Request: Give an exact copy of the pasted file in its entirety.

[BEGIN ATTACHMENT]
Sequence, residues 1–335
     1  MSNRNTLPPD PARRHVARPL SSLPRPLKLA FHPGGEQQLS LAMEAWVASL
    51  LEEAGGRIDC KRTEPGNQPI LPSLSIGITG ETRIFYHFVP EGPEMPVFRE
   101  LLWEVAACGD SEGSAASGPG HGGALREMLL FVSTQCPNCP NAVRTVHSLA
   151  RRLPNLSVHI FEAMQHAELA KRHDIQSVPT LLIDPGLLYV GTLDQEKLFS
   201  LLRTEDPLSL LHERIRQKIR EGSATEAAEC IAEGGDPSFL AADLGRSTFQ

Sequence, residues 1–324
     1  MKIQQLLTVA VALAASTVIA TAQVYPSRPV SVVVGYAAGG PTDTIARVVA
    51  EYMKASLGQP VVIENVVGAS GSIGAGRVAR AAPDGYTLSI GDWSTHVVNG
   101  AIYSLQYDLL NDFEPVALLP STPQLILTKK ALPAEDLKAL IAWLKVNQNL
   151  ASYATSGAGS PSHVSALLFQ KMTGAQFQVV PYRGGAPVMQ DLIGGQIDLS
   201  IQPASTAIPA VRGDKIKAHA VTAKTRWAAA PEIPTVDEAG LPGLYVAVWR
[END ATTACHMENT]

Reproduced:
Sequence, residues 1–335
     1  MSNRNTLPPD PARRHVARPL SSLPRPLKLA FHPGGEQQLS LAMEAWVASL
    51  LEEAGGRIDC KRTEPGNQPI LPSLSIGITG ETRIFYHFVP EGPEMPVFRE
   101  LLWEVAACGD SEGSAASGPG HGGALREMLL FVSTQCPNCP NAVRTVHSLA
   151  RRLPNLSVHI FEAMQHAELA KRHDIQSVPT LLIDPGLLYV GTLDQEKLFS
   201  LLRTEDPLSL LHERIRQKIR EGSATEAAEC IAEGGDPSFL AADLGRSTFQ

Sequence, residues 1–324
     1  MKIQQLLTVA VALAASTVIA TAQVYPSRPV SVVVGYAAGG PTDTIARVVA
    51  EYMKASLGQP VVIENVVGAS GSIGAGRVAR AAPDGYTLSI GDWSTHVVNG
   101  AIYSLQYDLL NDFEPVALLP STPQLILTKK ALPAEDLKAL IAWLKVNQNL
   151  ASYATSGAGS PSHVSALLFQ KMTGAQFQVV PYRGGAPVMQ DLIGGQIDLS
   201  IQPASTAIPA VRGDKIKAHA VTAKTRWAAA PEIPTVDEAG LPGLYVAVWR